Of course, there's also a chance that Outlook has stored them in a different location, but at least it's easy to find their location: In Outlook, choose File -- Data File Management. You'll see a screen like the one below. Look for the Personal Folders listing for your Outlook .pst file. Next to it, you'll see its location listed.
As for all the other Outlook files, in Vista, you'll find them in C:\Users\YourName\AppData\Roaming\Microsoft\Outlook, and in XP they're in C:\Users\YourName\Application Data\Microsoft\Outlook.
Annoyance No. 4
Outlook doesn't offer much help with e-mail overload. Outlook's limited searching, filtering and sorting functions can take you only so far if you're looking to better organize your e-mail and improve your productivity. It won't let you view entire message threads, for example, and its search features could use some help.
How to fix it: A lot of Outlook add-ins make big claims about helping with e-mail overload, and I've found one that actually delivers -- and in a big way. The free Xobni (that's inbox spelled backwards) makes it extremely easy to find e-mail, information and contacts. It may be the best Outlook add-in I've ever used.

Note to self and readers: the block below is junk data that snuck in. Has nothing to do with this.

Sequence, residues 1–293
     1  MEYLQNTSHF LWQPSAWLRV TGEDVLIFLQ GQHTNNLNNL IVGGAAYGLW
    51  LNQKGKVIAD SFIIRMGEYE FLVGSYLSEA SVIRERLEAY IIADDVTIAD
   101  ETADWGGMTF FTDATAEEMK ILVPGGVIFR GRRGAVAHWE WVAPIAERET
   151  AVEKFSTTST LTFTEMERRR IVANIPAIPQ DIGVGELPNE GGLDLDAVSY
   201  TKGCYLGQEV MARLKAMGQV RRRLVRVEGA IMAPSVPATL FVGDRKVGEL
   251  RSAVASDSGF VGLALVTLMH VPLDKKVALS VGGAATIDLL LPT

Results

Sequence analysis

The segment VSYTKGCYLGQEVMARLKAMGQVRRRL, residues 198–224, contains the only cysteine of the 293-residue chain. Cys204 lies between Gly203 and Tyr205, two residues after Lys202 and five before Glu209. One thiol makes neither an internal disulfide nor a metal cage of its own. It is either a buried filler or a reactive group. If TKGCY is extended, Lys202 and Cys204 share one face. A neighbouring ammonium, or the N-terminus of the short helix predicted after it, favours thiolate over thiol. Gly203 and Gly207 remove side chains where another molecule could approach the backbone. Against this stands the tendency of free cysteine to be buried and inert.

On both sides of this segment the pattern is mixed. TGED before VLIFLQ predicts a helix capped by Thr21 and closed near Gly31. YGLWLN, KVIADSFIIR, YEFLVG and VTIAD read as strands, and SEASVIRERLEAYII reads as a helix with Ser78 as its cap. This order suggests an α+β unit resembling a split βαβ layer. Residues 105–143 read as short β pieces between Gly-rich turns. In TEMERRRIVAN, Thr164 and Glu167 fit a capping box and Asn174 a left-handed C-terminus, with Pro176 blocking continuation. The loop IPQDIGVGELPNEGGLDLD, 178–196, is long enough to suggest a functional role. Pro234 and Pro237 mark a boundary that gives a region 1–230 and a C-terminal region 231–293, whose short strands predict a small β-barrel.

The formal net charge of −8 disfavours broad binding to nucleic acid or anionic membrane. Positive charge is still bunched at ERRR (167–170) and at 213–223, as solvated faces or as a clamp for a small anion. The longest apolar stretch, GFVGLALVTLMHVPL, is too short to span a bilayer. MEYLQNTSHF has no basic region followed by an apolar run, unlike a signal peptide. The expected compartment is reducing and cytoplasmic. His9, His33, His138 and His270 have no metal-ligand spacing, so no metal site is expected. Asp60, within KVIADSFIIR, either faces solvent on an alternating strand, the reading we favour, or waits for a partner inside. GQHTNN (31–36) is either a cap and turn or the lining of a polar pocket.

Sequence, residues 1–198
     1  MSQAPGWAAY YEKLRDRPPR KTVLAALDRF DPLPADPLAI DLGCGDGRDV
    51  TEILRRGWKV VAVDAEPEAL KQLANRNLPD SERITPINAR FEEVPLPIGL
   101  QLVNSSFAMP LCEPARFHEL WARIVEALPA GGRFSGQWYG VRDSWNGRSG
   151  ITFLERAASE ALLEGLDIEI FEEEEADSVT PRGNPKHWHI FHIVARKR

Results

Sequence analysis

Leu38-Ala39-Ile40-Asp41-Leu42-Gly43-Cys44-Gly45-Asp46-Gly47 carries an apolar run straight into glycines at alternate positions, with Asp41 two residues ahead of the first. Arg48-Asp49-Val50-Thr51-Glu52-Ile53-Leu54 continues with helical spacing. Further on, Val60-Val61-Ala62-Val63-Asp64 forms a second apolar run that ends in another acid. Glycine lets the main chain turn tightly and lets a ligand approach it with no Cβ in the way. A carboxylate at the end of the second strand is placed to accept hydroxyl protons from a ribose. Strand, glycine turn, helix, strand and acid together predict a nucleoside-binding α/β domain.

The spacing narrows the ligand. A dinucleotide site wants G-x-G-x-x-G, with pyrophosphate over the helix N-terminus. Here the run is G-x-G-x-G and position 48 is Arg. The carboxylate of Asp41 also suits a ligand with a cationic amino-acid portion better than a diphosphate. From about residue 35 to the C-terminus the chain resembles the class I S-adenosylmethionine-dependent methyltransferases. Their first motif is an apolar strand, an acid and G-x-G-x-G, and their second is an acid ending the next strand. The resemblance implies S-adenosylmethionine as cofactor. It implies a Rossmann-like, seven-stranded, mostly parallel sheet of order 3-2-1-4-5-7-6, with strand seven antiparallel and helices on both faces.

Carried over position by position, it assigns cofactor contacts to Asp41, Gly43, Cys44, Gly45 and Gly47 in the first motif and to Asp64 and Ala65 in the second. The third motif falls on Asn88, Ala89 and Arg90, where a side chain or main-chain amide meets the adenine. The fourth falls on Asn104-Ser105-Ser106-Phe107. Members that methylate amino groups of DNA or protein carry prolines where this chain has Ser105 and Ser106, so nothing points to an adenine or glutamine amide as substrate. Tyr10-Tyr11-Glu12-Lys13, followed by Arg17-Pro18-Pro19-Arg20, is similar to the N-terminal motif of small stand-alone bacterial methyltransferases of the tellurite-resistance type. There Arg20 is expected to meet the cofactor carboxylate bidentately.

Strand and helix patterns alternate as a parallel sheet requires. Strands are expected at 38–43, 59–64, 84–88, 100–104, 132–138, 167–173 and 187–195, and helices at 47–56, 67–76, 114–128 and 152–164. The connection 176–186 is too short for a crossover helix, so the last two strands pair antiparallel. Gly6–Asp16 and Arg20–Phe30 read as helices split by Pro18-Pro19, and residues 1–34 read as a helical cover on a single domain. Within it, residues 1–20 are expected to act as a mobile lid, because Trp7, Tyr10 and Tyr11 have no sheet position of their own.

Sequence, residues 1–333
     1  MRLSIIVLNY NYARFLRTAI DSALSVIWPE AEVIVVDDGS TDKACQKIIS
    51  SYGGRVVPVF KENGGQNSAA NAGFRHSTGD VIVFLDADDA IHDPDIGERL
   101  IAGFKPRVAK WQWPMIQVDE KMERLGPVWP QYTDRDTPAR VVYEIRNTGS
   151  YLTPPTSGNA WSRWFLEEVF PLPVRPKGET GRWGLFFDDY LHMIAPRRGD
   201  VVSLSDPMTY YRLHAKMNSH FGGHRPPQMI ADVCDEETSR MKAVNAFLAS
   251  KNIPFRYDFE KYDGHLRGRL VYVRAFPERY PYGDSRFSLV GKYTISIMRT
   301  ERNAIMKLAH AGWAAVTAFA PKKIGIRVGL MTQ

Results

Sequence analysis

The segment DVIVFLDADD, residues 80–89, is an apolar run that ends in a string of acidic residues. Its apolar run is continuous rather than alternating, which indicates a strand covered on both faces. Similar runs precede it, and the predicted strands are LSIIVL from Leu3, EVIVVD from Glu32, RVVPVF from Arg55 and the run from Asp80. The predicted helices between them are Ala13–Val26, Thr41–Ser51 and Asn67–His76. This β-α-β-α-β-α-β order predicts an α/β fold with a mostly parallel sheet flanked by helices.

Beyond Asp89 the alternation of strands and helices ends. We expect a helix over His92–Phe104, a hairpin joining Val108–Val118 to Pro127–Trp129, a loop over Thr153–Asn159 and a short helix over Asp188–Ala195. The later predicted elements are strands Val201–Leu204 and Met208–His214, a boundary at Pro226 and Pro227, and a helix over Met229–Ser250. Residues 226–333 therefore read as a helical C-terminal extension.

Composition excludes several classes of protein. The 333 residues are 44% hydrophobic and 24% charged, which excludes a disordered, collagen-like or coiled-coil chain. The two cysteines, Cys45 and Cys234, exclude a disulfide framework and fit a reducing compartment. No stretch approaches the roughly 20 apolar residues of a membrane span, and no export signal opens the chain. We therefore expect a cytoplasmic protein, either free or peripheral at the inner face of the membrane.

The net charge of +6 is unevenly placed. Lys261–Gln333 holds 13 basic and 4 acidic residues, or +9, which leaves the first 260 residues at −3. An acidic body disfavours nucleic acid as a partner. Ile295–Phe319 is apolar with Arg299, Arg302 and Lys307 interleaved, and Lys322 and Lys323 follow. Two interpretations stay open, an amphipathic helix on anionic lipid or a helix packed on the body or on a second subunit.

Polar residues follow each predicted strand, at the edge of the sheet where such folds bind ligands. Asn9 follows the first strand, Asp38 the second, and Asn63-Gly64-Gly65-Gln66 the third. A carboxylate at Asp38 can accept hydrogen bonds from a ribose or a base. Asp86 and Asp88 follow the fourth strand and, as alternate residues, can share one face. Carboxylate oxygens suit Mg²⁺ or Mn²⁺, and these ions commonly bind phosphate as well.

Xobni appears as a sidebar on Outlook's right-hand side. When you read an e-mail message, the sidebar displays information about the person with whom you're communicating, including a list of all "conversations" you've had with him, a list of all files you've exchanged, the person's phone number and your "social network," which is essentially a list of shared contacts with whom the two of you have exchanged e-mails or been cc'd on.
That means for every e-mail you get, you can see a quick history of all of your previous e-mail exchanges with the sender, a tremendous timesaver when you want to review your communications with someone. Xobni also lets you review all of the e-mails in the sidebar itself by clicking on any of them, and it shows the e-mails as threaded conversations so you can trace their history.
There are also convenient icons in the sidebar screen for sending an e-mail to the person and scheduling a meeting via Outlook's calendar.
And at the top of the screen is great information for data addicts, although it's unclear how useful it actually is. You'll be shown the total number of e-mails you've exchanged with the person, the rank of the person among those you've exchanged e-mails with, and a graph displaying the hours of the day and how many e-mails you typically receive from that person during each of the hours.